With the volatility of my home life, and the horrible bullying at school (being led by the nuns), I found a place where I was number one. The favorite. Loved. That absolutely wonderful place was my grandmother’s house. Beginning about the age of five, I spent almost every weekend with her.

She had a silly nickname. A name given to her by my uncle. We called her Hoot. My grandmother had 17 grandchildren in all. I was number 7. I was the one who got to spend this private and loving time with her for many, many years.

The first two years that I spent my weekends on Lincoln Blvd., my grandmother shared her home with her aunt – my great-great aunt. She too had a silly name – we called her Kuddy. She was blind.

I loved her home and all my time there. Unlike my own home, I never needed hiding places here. There was nothing to hide from. As an adult looking back on these times, I can’t help but think that Hoot knew how bad and unhealthy my home life was. She was my hero.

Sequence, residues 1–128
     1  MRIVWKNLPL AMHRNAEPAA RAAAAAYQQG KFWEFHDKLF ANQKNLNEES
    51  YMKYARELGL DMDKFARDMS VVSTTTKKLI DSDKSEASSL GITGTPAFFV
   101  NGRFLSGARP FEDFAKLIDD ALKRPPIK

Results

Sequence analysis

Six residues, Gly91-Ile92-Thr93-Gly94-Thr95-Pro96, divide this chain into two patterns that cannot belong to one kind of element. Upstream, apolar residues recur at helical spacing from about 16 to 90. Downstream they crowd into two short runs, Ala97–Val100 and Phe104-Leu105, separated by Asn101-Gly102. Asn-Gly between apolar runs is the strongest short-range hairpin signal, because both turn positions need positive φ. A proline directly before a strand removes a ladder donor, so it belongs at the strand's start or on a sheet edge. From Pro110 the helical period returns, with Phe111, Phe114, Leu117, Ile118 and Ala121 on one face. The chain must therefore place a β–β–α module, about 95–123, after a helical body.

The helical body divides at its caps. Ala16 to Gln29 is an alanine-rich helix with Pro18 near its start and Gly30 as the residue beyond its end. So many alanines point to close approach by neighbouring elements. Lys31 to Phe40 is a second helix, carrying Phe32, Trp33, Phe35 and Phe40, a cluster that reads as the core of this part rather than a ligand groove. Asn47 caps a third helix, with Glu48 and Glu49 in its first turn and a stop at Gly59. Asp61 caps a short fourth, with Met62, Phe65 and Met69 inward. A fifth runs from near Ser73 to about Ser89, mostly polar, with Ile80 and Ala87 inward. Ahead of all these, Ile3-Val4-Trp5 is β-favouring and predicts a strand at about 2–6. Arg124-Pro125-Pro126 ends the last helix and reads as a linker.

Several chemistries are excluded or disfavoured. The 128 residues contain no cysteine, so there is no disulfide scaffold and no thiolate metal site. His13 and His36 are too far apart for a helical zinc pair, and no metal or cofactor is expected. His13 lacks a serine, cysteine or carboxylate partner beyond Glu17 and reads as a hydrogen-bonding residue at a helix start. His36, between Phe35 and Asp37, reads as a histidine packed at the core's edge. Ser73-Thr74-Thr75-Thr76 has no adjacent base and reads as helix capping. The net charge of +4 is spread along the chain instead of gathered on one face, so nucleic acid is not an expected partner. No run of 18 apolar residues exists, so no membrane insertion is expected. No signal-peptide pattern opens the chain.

Hoot was a social worker. Sometimes she had to stop at work on Saturday, and I got to play office while she did her few things. We were never there long. She also had lunches with her “cronies” one Saturday a month. I was the only grandchild of any of these women that was in attendance. It was wonderfully precious. They talked to me like I was all grown and I always felt so very special.

Sunday morning was a ritual that started Saturday night. Vaseline on the patent leather shoes and purse. Then when we were ready, no matter what time, we drove to church (two blocks away) and went in the side door. This was still pre-Vatican II, so the Mass was in Latin and the priest had his back to us. Since he didn’t know when we arrived, we walked in quite tall and proud. No matter what part of the Mass the priest was when we walked in was also the place in the next one when we left.